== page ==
Cook County grand jury system needs to go

What other criminal justice system exists with a process that consists of an assistant state’s attorney and police officer presenting evidence without a cross-examination?

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Dozens of officers on Wednesday walk through the lobby of the Leighton Criminal Courthouse following a hearing for Oak Lawn Police Officer Patrick O’Donnell, who faces charges of aggravated battery and official misconduct in connection with the beating of a teenager during an arrest last summer in the southwest suburb.

Officers walk through the lobby of the Leighton Criminal Courthouse following a hearing for Oak Lawn Police Officer Patrick O’Donnell, charged in connection with the beating of a teenager during an arrest last summer in the southwest suburb.

Matthew Hendrickson/Sun-Times

You might find this a little peculiar coming from a 37-year law enforcement veteran, but I’ve always felt that Cook County’s grand jury system is flawed, unequal justice.

In 1985, New York Judge Sol Wachtler famously stated, “If a district attorney wanted, a grand jury would indict a ham sandwich.” I have always agreed with that sentiment, but my twist on that statement is, as I once told another local rookie officer while waiting outside a courtroom to testify, that you could indict a dead squirrel in a Cook County grand jury.

I have testified in front of a Cook County grand jury hundreds of times. When I first started the job, most cases sent to the grand jury were complicated financial crimes. The grand jury system has since expanded, including every felony crime imaginable. Most recently, the state’s attorney’s office has been using the grand jury system to indict gun cases and cases against politicians and police officers.

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Typically, there’s very little prep with assistant state’s attorneys when you testify. You simply walk and sit in the grand jury box in front of jurors.

In all the years I testified before a grant jury, no juror ever asked me a question. Most jurors routinely paid little or no attention—they read the newspaper or other periodicals, or just chatted with other grand jury members about matters that had nothing to do with the cases. Sometimes grand jurors would read the newspaper the entire time I testified — typically no more than a minute or two. I’d then go into the hallway and wait for the prosecutor to come out and tell me that they had a “true bill,” which meant there would be an indictment and criminal charges. I never received a “no bill” — ever.

What other system exists in which an assistant state’s attorney and police officer present evidence without being cross-examined?

When I appeared for hundreds of probable cause hearings at the courthouse in Maywood, I was typically cross-examined by a defense attorney after a prosecutor presented the evidence related to my arrests. Afterward, a judge would rule whether or not there was enough evidence to proceed to trial.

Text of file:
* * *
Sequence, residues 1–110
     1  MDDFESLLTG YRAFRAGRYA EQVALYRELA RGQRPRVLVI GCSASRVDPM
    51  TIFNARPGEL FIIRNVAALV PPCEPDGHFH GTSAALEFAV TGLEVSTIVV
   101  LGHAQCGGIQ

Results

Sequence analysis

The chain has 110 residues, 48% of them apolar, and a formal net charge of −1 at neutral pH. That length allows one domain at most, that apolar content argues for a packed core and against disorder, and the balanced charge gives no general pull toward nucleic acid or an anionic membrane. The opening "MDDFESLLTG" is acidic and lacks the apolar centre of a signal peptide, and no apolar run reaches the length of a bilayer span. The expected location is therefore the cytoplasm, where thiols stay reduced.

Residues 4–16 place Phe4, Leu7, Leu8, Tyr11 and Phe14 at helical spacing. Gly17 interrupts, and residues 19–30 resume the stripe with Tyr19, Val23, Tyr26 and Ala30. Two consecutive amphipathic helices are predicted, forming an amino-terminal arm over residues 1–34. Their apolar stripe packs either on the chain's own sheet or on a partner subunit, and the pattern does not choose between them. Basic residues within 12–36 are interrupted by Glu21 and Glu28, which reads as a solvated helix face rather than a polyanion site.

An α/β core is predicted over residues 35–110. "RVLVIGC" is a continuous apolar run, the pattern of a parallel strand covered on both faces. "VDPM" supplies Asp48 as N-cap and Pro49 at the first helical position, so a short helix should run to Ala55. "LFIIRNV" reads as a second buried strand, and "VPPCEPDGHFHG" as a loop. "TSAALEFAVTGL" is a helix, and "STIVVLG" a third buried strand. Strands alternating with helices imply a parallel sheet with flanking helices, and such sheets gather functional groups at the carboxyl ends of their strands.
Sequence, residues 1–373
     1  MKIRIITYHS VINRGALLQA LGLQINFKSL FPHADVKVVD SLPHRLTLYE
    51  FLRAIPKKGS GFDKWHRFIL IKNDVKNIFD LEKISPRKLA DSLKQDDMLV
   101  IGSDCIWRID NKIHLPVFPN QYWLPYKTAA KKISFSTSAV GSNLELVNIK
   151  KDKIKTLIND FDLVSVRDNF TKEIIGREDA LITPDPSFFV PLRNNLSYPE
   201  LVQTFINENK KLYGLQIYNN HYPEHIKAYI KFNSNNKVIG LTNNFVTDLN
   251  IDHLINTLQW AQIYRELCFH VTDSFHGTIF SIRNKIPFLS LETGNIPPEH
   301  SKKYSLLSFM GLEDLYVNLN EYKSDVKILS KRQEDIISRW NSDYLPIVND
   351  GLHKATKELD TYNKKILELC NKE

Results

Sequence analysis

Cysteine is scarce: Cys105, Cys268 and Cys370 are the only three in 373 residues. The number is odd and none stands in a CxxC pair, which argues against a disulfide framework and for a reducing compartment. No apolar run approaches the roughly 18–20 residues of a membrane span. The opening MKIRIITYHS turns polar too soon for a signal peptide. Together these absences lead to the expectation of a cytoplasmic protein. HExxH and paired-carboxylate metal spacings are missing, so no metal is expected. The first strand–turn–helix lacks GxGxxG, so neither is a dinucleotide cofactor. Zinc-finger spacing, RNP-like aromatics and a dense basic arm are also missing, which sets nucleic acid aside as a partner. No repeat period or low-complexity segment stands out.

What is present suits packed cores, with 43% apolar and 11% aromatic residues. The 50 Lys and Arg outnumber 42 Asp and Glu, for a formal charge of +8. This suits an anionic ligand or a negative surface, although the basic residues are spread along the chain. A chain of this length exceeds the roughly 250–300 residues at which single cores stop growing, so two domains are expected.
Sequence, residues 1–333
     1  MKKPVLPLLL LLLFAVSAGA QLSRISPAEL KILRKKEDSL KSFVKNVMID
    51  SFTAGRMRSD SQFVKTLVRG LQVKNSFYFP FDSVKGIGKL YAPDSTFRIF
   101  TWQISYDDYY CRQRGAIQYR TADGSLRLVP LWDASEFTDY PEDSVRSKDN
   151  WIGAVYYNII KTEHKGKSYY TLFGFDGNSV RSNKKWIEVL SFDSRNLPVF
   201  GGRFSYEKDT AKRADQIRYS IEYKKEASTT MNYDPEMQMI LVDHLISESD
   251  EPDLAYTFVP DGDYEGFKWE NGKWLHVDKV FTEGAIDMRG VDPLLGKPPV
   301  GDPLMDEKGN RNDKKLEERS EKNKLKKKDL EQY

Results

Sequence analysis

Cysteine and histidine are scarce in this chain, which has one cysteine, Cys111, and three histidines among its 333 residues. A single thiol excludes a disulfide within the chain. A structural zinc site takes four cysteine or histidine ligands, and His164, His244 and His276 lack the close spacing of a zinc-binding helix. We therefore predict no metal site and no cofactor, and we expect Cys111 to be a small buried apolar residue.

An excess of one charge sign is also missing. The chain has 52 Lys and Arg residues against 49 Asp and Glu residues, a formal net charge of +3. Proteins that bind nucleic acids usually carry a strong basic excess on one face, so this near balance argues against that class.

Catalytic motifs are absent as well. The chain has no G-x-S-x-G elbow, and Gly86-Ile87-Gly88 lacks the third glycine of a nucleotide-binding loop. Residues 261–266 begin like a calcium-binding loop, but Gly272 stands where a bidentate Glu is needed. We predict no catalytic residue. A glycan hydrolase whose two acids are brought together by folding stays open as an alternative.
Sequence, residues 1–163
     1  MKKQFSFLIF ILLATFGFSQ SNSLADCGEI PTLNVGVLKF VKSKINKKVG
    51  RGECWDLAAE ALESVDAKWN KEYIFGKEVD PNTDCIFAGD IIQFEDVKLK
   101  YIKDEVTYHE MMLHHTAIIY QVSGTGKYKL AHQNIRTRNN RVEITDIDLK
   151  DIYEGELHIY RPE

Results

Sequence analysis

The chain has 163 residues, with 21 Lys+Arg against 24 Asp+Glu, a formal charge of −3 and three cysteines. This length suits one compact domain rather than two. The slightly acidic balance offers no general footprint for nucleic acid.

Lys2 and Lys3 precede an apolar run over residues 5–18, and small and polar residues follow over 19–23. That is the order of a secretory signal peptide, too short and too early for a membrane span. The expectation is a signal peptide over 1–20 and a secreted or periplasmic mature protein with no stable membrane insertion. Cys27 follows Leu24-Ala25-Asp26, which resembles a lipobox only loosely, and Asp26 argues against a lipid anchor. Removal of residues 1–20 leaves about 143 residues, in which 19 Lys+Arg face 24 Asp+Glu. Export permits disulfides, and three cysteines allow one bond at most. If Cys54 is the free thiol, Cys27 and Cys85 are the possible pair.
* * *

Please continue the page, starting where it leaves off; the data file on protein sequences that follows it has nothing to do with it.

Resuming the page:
Sounds fair, doesn’t it? Most fair-minded people want a criminal justice system that’s adversarial, in which prosecutors and police must present their cases and defense attorneys are allowed to cross-examine, object and introduce their evidence.

But in the grand jury process, prosecutors decide what evidence does or does not get presented. There is no judge or defense attorney, and generally, defendants are not allowed to testify.

Those in law enforcement who think I’m way off-base and must have changed my opinion recently, know this: I’ve always disliked the grand jury system.

Last month, an Oak Lawn police officer was indicted for allegedly beating an armed 17-year-old during an arrest. Whether you believe police or the defense attorney’s account of the incident, it is clear the Cook County state’s attorney office used the grand jury system to indict that officer.

The state’s attorney’s office typically hides behind the grand jury. In high-profile cases, prosecutors can hold press conference and say an indictment was returned by an independent grand jury. The state’s attorney office is able to shield its working relationship with law enforcement.

It is just wrong at every level.

Also typical is that many counts of an alleged criminal action are unnecessarily tacked on to an indictment. Many defendants would thus rather take a plea deal to one charge to get the other counts dropped. This way, the state gets what it wants — a conviction — and rather quickly.

The ball is in the prosecutors’ court. Instead of justice, there is just a drive for convictions.

It’s time to abolish the current form of the grand jury system. It makes sense to use statewide and secret grand juries for cases that may require security, or major child pornography and/or child abuse cases. But those are few and far between.

The grand jury system, specifically the Cook County Grand Jury system, is just not fair.

For stakeholders calling for criminal justice reform, restoration of justice, and an overhaul of the criminal justice system, the grand jury is an excellent place to start.

Tom Weitzel retired from the Riverside Police Department in May 2021 after 37 years in law enforcement, including 13 years as Riverside’s chief of police. Follow him on Twitter @chiefweitzel.

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